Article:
Keyser & Westernport MLK events, 2005
Churches remember slain civil rights leader
King forced to overcome hurdles
THE CUMBERLAND TIMES-NEWS
January 17, 2005
JENNIFER RALEY T
KEYSER, WVa. —
A Martin Luther King Jr. celebration at Grace United Methodist Church drew an enthusiastic crowd on Sunday evening.
About 70 people gathered in the Keyser church to pay tribute to the slain civil rights leader.
I just think it is important for folks to remember who Dr. King was and what he stood for and teaching that to the children. If they don't teach them, they won't know, and he didn't just care about black children, he cared about all children," said Keyser resident Kimberly Rolls.
The annual celebration, sponsored by Local Concerned Citizens on Racism, a Keyser based organization, is held at a different area church every year.
The presentation featured speakers from various ministries and a local citizen, Ed McDonald.
McDonald spoke about similarities between King's struggle for equality and the struggle of the blind. McDonald, who is blind, said both causes had to overcome many hurdles.
The Rev. Harry Coleman, who attended one of King's speeches while in college, said he greatly admires King's perseverance.
Keyser resident Bill Nesbit said he found the service to be quite meaningful.
"It helps me to realize that there is still prejudice, myself included, and this opens my eyes to it, and makes me realize it and get rid of it," said Nesbit. "I admired Dr. King and I admire his perseverance."
The Rev. Gordon Humphreys also enjoyed the service. "I think it's very important that we celebrate the life of Martin Luther King; he has impacted religion, culture and freedom, and he has brought a movement of unity, bringing people together, and empowering those who had been oppressed for so long," said Humphreys. "I feel it is important to set aside this time for one of the true 20th century martyrs."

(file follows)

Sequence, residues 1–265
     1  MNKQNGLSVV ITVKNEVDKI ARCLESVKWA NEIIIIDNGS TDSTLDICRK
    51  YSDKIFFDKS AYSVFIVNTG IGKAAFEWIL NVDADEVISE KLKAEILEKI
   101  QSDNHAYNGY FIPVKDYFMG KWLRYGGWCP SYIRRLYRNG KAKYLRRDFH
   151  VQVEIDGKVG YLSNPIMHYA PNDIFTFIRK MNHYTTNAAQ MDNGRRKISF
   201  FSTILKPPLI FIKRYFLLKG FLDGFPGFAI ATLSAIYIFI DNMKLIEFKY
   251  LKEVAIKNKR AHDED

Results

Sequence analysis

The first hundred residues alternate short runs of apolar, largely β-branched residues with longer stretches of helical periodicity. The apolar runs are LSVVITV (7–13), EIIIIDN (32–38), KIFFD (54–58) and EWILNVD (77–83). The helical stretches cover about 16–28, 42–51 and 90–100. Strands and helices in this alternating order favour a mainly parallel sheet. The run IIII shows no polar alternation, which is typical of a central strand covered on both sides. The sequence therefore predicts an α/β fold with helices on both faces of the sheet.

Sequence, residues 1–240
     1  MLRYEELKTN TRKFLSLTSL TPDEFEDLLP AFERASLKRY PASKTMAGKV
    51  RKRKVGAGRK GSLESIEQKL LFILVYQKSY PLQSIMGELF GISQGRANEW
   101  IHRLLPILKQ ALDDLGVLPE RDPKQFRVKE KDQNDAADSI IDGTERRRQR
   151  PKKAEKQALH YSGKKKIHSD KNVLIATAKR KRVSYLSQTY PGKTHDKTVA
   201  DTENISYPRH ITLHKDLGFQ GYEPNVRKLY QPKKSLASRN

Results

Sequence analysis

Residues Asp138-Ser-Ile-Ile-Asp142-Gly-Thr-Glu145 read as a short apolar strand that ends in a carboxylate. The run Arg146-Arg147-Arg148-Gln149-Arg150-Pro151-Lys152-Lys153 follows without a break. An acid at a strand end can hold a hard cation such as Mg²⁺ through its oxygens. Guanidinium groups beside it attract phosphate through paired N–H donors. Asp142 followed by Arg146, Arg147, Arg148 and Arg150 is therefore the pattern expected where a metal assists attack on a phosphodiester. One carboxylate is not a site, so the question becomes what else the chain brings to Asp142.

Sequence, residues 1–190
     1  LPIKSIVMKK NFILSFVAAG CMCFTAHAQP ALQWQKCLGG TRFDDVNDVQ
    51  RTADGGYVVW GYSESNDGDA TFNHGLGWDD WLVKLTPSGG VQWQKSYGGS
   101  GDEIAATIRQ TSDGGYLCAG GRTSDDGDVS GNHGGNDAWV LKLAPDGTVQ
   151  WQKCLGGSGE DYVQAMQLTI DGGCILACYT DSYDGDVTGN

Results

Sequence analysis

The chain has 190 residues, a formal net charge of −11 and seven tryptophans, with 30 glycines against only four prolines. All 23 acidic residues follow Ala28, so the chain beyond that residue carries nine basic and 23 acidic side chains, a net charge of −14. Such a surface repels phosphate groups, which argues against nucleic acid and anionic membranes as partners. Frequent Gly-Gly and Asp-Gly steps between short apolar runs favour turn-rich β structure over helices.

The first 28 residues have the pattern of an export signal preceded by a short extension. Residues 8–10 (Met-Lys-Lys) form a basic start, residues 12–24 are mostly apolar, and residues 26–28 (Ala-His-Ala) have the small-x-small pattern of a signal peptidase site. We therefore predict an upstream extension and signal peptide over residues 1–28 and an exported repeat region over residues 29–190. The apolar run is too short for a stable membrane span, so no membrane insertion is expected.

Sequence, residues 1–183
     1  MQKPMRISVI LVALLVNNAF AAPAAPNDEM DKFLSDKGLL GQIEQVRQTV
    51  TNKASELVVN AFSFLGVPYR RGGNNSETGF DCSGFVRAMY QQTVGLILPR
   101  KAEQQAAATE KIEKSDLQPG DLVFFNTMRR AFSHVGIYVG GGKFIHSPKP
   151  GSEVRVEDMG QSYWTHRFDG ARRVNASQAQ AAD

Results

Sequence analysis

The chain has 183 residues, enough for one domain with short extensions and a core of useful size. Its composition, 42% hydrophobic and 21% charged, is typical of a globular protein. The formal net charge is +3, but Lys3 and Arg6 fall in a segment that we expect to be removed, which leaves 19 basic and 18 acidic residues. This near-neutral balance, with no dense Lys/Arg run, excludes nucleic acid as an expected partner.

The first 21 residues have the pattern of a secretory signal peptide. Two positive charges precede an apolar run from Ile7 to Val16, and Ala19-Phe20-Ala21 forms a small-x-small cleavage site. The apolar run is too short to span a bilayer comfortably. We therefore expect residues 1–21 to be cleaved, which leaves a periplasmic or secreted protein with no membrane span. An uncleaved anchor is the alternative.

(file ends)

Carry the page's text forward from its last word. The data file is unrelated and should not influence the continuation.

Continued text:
Ministerial association to mark King's birthday at Westernport church
The Tri-Towns Ministerial Association will hold its Martin Luther King Jr. birthday service today at 7 p.m. at the Westernport Church of the Brethren. The Rev. Homer H. Davis of Charleston will be the speaker.
A native of West Virginia, Davis graduated from West Virginia State College and is a charter member of the board of directors for the National Center for Human Relations. In 1964, he was ordained elder in the Washington Annual Conference of the United Methodist Church.
Davis served charges of the West Virginia Annual Conference until 1969, when he was appointed Conference Minister of Reconciliation. From 1971-79, he was under special appointment beyond the church with the Economic Development Administration of the U.S. Department of Commerce, serving in Huntington, Atlanta, and Washington, D.C.
After leaving the federal government, he returned to West Virginia, and was appointed district superintendent of the Charleston District.
In 1998, Gov. Cecil Underwood presented Davis with the Martin Luther King Jr. Living the Dream Award for Human and Civil Rights.
The service is open to the public.
Jennifer Raley, Cumberland Times-News
Allegany County, Maryland
African Americans, History; Allegany County (Md.), History.
Allegany County (Md.), 1890-2008